Also pay attention to a wheelchair marathon tactic called "rotation". To avoid the headwind, the athletes will race in single file, but if the lead athlete take the stress from the wind for prolonged time, it will drain physical energy and may lead to pace down. So, the athletes will take turn to lead the pack to maintain the pace. This is called rotation, and if you see this taking place, it indicates that the race is flowing in good pace. Despite, there are athletes who wishes not to take the lead, and the pack may spread side to side. By observing the movements and the position athletes deliberately take, you can better understand each game tactic.
 For this year, AbbottWMM Wheelchair Bonus Point and other schemes to make our athletes focus on the record time is implemented within the course, and we hope our athletes will make the race more entertaining by boosting their speed.


■ Outlook on Wheelchair Race

 Last year was a tough race with the cold and rain, and many of the athletes did not finish the race. The athletes are constantly moving so can handle some cold, but due to the disability, adjusting the body temperature may be physically difficult for some.
 Marathon event being staged outside, the weather change cannot be helped, but what is troubling for the wheelchair athletes is if it rains just before the start. The athletes will push the wheelchair by pushing the hand rim, which is generally made out of rubber, using a rubber glove that creates friction to better catch the rim. However, if it rains, the rubber will become slippery, and therefore, the athletes will need to prepare their gear to better cope with the rain. For example, athletes will apply wax or pine resin, or change the material of the gloves to cloth or buckskin. Recent days, the athletes choose to use hand rim made out of carbon material, or apply slip resistant.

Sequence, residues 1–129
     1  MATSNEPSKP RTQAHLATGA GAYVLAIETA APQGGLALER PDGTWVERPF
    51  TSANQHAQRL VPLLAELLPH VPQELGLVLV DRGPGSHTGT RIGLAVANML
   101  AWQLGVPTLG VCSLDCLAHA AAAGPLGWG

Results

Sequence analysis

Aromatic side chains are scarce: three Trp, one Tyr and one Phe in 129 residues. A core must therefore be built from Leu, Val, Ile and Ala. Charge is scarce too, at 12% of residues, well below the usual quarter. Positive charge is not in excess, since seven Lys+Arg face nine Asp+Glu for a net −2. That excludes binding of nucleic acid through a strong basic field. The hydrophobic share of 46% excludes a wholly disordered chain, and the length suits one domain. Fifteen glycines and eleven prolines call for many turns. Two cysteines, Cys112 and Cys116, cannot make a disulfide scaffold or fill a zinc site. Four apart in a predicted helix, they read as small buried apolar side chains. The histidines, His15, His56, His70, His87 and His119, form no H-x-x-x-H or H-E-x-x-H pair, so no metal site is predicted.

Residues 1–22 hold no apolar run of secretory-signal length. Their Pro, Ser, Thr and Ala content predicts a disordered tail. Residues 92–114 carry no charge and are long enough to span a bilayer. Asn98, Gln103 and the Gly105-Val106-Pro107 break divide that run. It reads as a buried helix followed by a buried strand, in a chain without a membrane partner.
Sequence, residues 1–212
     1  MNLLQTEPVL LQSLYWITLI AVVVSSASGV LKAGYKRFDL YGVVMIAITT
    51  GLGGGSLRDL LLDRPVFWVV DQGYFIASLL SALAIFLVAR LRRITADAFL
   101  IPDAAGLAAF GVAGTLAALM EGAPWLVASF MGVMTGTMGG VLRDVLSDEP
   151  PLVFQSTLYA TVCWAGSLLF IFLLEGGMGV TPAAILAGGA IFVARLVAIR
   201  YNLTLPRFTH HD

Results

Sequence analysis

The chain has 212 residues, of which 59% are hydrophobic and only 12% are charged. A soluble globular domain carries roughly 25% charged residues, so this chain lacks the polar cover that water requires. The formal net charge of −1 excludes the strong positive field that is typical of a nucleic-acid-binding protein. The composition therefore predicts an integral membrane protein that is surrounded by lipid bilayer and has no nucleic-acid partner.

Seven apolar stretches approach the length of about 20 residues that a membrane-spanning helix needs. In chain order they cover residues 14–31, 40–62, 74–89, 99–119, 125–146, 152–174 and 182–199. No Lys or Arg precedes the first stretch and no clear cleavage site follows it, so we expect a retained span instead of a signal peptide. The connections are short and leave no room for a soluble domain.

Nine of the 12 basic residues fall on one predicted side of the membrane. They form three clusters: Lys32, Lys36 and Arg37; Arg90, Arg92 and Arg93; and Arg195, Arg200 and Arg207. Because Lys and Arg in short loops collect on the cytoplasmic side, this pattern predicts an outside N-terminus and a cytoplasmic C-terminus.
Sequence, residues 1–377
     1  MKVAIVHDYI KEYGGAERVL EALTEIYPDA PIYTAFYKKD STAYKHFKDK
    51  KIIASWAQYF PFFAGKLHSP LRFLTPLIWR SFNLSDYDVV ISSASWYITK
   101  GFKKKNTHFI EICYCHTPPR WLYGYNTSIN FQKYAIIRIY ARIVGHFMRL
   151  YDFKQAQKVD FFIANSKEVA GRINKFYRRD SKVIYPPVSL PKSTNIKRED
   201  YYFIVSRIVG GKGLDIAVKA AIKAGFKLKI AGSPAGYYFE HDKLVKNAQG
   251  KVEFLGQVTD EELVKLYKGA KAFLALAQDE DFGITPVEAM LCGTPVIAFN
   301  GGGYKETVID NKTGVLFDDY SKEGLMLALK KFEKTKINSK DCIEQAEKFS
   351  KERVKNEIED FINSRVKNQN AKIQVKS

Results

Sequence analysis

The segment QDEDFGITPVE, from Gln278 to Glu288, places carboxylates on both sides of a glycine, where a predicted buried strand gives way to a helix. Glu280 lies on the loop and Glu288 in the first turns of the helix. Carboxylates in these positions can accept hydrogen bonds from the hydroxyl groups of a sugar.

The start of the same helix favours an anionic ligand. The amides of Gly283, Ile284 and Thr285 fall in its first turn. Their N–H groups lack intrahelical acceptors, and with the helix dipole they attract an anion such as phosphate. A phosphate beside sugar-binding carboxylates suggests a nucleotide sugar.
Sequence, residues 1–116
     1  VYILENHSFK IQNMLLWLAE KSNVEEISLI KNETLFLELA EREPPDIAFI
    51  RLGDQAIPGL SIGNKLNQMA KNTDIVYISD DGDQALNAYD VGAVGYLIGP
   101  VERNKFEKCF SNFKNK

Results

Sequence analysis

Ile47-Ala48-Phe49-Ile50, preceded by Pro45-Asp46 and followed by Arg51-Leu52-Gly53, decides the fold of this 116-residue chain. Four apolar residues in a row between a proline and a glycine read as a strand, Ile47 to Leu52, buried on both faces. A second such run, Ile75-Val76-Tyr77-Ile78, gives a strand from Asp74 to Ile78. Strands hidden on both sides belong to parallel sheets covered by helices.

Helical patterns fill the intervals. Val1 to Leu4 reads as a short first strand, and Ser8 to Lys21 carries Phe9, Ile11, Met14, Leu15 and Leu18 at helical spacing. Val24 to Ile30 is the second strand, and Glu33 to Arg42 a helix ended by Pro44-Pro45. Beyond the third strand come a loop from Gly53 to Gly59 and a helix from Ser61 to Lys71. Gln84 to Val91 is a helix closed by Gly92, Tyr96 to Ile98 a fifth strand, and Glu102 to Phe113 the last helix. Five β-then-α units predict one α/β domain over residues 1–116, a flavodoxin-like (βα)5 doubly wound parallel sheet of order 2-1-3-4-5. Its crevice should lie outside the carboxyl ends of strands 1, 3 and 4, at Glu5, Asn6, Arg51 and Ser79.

If the weather is predetermined to be rain, the pre-race preparation will be made for such weather, but it is very difficult to prepare for indecisive weather. The friction created between the two rubber is most ideal to push but it will serve no purpose in rain, and vice versa, using a slip resistant gear on the clear weather will slow the athlete down. Making a careful decision in choosing the appropriate gear is very important.
 Other than the weather, the complication that can happen in race is flat tire. The front tire requires to be detached in order to change the tire, and therefore, the decision needs to be made to continue on the race with flat tire or drop-out from the race. As for the back tire, athletes normally have spare with them. The tires are glued, so in case of puncture, the athletes can strip the tire off and fix the new one and inflate using the CO2 inflator.
 Trouble is less expected in Tokyo for the road surface is very clean, but I have experienced flat tire myself in races overseas. If quick, the tire can be replaced within 40 to 50 seconds, but if I scramble it will take 2 minutes, hindering my race. Choosing a tough tire to avoid puncture is ideal, but the added weight from the thickness is also something to consider.
 As you can see, the battle of the race begins even before the start. Please support and root out loudly for the athletes along the course, for you now better understand the effort the athletes dedicate for the race, and witness the Tokyo Marathon 2020 as it may be a pre-race for some entering the Tokyo Paralympic Games.


Tokyo Marathon Wheelchair Race Director
Masuzumi Soejima